blueyoke

One of the many fun elements of researching my book has been seeking out yoked sweaters on eBay and in charity shops. I have learned a lot from these garments, which are often a hybrid of machine and hand-knitting, and thought I’d share a few of them with you today. I think I showed you the Shetland yoke jumper I’m wearing above on a previous occasion. It has a machine knitted body and a hand-knitted tree and star yoke with a characteristically back-buttoned placket; it fits me well, and I wear it frequently. I wanted to mention this jumper today because it is, in yoke terms, somewhat anomalous: the way the pattern repeats have been calculated means that the tree is centred both front and back. The back opening thus divides a tree in half:

blueyoke2

I imagine this will seem an insignificant matter to some of you – after all, the motifs are still balanced and centred – but when you’ve looked at many Shetland yokes, and many patterns for Shetland yokes, it immediately appears odd. My friend Ella* was quick to spot its curious tree placement, and in almost every other example I’ve seen over the past six months or so, the star is centred, not the tree. (If the garment is a jumper, the star is always at front centre, and if a cardigan, there’s an extra star to balance the pattern, so the front opening is always flanked by stars.) So this yoke is a curiosity of which I am particuarly fond – I think its anomalous nature only endears it more to me.

Here is a non-anomalous, fairly standard Shetland tree and star yoke, that I found on eBay:

shetcardi1

The body and sleeves have been machined, and the yoke, ribbing, and front bands have all been finished by hand. Its nicely finished – here you can see how, on the inside of the garment, the yoke has been steeked and cut; the yarn ends have been woven in; and have then felted down with wear.

shetcardi2

And here’s another Shetland tree and star – a jumper this time:

shetlandjumper1

Again, the star is centred, and the garment is a machine / hand-knitted hybrid. I am fond of this one, because it bears the lovely trademark of the Shetland Woollen Industries Association:

shetlandjumper2

Back in the 1920s, the SWIA was established to protect native Shetland wool, and to promote and protect the products that were made from it. The trade mark guaranteed that the goods were genuine Shetland wool products, grown and produced in the Shetland islands. Sadly, this trade mark is just one of a litany of many never-wholly successful attempts to protect the term “Shetland”, in reference to wool and textiles, from appropriation and misuse. (You can read more about this issue in this 1952 parliamentary motion and debate and in Sarah Dearlove’s chapter in Shetland Textiles: 800 BC to the Present)

Here I am, spotting a couple of naughty rabbits about to chow down on what’s left of my leeks.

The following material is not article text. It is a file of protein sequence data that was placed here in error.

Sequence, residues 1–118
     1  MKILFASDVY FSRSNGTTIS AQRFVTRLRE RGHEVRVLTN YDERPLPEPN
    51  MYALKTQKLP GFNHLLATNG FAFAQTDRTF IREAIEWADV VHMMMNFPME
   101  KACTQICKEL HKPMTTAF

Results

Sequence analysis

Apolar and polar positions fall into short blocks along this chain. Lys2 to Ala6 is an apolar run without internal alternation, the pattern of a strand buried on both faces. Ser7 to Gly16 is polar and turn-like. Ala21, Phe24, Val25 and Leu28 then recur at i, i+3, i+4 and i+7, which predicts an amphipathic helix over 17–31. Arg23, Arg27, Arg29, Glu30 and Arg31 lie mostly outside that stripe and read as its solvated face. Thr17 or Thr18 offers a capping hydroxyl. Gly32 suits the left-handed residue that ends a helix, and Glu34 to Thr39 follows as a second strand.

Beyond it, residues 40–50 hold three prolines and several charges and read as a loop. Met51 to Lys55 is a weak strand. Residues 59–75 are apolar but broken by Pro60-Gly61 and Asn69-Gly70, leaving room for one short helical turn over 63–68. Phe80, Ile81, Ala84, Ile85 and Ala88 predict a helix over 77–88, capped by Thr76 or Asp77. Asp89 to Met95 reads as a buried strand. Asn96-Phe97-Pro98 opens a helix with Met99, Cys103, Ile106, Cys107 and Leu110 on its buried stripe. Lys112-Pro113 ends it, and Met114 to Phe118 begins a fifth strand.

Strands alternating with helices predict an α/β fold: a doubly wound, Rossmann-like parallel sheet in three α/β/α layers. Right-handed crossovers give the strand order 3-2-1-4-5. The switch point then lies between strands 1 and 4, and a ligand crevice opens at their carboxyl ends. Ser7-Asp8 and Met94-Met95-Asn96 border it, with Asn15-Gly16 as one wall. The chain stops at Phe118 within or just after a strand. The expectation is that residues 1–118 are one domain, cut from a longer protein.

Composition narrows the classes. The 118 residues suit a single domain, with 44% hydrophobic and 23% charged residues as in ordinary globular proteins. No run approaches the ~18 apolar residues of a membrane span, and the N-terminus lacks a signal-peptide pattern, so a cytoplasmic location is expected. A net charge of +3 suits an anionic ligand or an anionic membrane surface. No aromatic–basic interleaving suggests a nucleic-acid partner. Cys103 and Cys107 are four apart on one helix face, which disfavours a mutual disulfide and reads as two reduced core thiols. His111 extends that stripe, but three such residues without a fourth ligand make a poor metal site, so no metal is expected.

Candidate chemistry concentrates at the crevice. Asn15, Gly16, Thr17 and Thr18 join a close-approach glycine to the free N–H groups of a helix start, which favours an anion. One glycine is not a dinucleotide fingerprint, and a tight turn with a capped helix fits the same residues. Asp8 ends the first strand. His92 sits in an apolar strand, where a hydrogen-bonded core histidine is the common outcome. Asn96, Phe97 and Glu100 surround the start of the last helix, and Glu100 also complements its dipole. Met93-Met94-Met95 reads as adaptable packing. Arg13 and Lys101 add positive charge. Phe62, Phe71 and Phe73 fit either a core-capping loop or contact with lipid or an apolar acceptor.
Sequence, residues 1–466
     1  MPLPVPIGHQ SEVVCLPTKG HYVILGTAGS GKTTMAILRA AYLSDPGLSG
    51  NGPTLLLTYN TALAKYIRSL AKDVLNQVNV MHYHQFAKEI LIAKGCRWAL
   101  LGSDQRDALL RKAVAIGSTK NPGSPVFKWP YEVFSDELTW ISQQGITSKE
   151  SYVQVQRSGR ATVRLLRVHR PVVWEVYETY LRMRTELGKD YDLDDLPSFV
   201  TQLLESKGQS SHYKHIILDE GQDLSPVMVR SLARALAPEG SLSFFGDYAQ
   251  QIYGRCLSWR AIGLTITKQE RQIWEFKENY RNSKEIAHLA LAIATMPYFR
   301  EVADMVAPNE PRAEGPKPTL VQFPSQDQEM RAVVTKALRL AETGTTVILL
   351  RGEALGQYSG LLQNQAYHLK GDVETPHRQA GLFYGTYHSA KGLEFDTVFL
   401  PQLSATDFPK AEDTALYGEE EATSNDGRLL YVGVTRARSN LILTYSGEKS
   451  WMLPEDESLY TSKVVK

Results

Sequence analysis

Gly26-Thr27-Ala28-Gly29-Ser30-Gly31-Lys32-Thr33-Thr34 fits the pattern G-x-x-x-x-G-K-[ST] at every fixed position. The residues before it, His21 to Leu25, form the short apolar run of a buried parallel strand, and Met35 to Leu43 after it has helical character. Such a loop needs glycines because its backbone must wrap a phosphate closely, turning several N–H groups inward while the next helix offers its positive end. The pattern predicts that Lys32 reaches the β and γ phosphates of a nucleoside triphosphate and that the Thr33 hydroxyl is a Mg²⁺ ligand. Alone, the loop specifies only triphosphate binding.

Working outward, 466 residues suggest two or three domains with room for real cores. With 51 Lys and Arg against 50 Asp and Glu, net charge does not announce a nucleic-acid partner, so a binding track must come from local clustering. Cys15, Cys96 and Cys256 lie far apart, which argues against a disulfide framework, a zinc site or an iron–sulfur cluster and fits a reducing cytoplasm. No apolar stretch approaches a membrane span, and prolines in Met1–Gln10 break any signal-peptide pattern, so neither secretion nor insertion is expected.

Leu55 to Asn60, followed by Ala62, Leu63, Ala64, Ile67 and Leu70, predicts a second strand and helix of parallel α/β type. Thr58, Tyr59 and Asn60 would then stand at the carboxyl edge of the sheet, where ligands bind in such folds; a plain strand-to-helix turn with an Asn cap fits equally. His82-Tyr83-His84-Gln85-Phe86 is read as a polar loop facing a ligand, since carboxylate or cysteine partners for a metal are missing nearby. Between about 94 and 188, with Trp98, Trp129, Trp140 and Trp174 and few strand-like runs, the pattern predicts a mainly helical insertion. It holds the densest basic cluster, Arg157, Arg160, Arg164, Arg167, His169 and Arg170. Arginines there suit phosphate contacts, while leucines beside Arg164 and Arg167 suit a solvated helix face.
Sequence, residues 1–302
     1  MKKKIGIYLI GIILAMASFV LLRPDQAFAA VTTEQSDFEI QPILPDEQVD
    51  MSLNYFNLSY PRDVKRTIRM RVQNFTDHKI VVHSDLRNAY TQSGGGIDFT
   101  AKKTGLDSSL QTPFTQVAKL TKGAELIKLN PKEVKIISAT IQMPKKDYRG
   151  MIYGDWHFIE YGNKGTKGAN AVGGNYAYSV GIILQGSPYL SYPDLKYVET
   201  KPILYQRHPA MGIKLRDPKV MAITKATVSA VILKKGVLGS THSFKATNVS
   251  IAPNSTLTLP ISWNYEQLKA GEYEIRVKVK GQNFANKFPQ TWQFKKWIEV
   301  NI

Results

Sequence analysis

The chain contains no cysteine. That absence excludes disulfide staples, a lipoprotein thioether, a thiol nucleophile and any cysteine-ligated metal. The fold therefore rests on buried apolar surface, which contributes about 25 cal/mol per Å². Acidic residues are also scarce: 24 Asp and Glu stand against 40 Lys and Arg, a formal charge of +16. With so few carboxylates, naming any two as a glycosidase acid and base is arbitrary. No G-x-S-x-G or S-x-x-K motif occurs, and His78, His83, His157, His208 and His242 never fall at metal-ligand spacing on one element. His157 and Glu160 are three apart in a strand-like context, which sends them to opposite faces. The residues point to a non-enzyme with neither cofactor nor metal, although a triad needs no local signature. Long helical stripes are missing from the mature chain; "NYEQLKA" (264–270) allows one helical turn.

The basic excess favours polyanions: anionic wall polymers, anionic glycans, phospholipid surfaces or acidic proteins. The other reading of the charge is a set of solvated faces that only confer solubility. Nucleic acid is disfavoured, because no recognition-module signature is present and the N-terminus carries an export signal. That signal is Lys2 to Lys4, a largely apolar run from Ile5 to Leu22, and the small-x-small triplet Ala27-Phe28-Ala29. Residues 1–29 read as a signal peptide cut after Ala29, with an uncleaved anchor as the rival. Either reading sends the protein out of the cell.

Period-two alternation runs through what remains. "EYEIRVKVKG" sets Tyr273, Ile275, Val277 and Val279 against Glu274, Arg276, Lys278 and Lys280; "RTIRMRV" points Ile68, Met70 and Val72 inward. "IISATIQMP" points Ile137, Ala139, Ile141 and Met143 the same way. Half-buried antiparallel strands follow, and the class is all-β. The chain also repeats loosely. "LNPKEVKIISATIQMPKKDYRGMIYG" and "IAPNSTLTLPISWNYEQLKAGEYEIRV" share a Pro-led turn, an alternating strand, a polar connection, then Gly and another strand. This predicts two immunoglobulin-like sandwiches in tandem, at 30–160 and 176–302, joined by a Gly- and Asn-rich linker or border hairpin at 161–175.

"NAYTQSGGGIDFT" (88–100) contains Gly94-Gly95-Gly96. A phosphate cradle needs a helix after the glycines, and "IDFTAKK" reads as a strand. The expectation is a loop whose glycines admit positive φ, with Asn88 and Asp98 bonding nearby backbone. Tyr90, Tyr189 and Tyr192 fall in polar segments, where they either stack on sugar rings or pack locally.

harleys

This jumper illustrates the evolution of the “Shetland” yoke (strictly speaking, its not made from “Shetland” wool, and neither is it made in Shetland) and despite the fact that its far too big for me I find it interesting because it demonstrates an important stage in yoke history as the garment became enabled for industrial mass production. These jumpers were – and are still – produced by Harley of Scotland, on, as I understand it, some pretty innovative knitting machinery that enables the speedy creation of completely seamless and circular yoked garments. The yoke design is pretty simple, and there’s certainly none of the wonderful individuality you find in so many hand-knit Shetland yokes, but I find the jumper intriguing precisely because the yoke is circular, fashioned in a Shetland style, and because hand-knitting has finally been taken out of the production equation.

harleys2

Harley still produce similar garments to order, as you can see here

Finally, here is a recent yoke find by which I was particularly excited:

norweiganyoke1

I purchased this beautiful Norweigan yoke on eBay, from an Edinburgh seller who remarkably turned out to be a reader of this blog (hello, Amy!). It is one of many iterations of Unn Søiland Dale’s “Eskimo” design (please note that my use of that word simply reproduces the given name of the sweater: I am in no way endorsing the term’s unpleasant and inaccurate ethnographic connotations). As the tree and star yoke is to Shetland, so Dale’s yoke is to Norway:

Skann+1

NF.2012-0790 detail

(Images of Unn Søiland Dale’s Eskimogenser from Digitalt.Museum)

In its many forms, but always with with similar motifs and this characteristic colourway, Dale’s yoked sweater seems to have been in constant production in Norway since 1952, when it was first designed. This yoke is a true Norweigan icon (and is referenced as such in a recent pattern collection by Sandnes Garn)